``There are a couple of reasons,'' said Jim Ford of the Fort Lauderdale-based Neptune Society, whose national cremation business has seen double-digit increases over the past three years. ``There's price sensitivity, and there's also the transient nature of our society. People don't dig their roots as deep as they used to.''

Van Orsdel bought a new computer-operated cremation machine this year to deal with the increased demand. It burns at up to 2,000 degrees, reducing the body to eight to 12 pounds of powdery calcium.

Families typically show up before the body is burned to pay their last respects. The remains are then handed to the family in a container of their choice -- which include urns, clocks, lockets, cuff links, bird feeders, ceramic rose stems and environmentally friendly caskets that are biodegradable.

Sometimes, they ask for a pacemaker or grandma's prosthetic. One person asked for cremation workers to retrieve a relative's gold teeth.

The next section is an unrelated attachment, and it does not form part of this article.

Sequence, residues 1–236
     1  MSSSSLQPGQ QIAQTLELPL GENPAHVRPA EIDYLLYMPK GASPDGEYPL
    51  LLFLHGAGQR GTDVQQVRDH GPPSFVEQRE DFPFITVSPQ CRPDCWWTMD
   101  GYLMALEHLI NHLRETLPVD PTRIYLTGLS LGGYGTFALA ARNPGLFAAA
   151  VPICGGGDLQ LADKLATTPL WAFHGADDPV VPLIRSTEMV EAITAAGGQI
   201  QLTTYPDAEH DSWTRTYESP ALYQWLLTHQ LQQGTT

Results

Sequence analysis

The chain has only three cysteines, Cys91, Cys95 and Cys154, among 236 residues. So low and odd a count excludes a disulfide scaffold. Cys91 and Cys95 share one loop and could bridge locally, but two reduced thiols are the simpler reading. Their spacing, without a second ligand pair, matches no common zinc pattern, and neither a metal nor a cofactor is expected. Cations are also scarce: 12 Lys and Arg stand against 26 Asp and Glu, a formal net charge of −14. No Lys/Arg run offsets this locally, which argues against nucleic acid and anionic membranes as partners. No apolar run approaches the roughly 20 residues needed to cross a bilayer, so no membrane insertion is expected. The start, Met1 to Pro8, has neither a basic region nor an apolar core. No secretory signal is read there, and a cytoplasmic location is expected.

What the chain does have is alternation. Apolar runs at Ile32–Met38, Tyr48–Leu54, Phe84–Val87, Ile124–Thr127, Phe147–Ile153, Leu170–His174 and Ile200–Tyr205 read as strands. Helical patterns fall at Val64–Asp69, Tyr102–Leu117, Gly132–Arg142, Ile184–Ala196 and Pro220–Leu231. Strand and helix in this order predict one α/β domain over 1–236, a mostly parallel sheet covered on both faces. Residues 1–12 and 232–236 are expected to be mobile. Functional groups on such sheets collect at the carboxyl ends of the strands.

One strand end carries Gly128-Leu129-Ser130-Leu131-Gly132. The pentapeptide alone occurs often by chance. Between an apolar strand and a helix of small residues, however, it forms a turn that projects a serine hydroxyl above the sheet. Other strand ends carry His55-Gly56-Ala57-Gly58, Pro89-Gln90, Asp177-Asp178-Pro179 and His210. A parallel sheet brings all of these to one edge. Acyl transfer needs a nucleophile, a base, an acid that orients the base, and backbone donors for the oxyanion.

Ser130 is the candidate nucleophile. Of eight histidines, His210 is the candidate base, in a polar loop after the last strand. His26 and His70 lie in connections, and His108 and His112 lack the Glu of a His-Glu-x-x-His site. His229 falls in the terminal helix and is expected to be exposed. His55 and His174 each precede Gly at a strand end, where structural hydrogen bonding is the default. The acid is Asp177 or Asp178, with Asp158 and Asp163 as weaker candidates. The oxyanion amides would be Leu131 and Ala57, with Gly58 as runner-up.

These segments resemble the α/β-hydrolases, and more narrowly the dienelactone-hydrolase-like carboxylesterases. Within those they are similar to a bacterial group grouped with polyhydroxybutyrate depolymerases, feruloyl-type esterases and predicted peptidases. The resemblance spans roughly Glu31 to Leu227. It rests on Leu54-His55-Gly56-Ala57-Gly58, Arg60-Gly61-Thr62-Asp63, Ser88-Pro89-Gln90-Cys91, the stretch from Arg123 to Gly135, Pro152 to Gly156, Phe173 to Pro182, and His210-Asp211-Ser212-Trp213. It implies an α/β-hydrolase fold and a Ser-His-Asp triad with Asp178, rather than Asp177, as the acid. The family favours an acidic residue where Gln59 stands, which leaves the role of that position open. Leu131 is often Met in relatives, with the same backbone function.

At Van Orsdel, the oldest remains are in an urn that dates back to 1939, when Franklin D. Roosevelt was president. Van Orsdel holds out hopes that someone might pick up the urn one day.

He isn't legally obligated to keep the remains. He's not allowed to hold them for ransom if a family can't pay for the ashes, nor does he charge for storage. State law allows a funeral home to discard human remains -- without ceremony -- after four months.

Many local funeral home directors do just that after failed attempts to contact the family. Ford, of the Neptune Society, said his organization sends certified notices before scattering the remains at sea.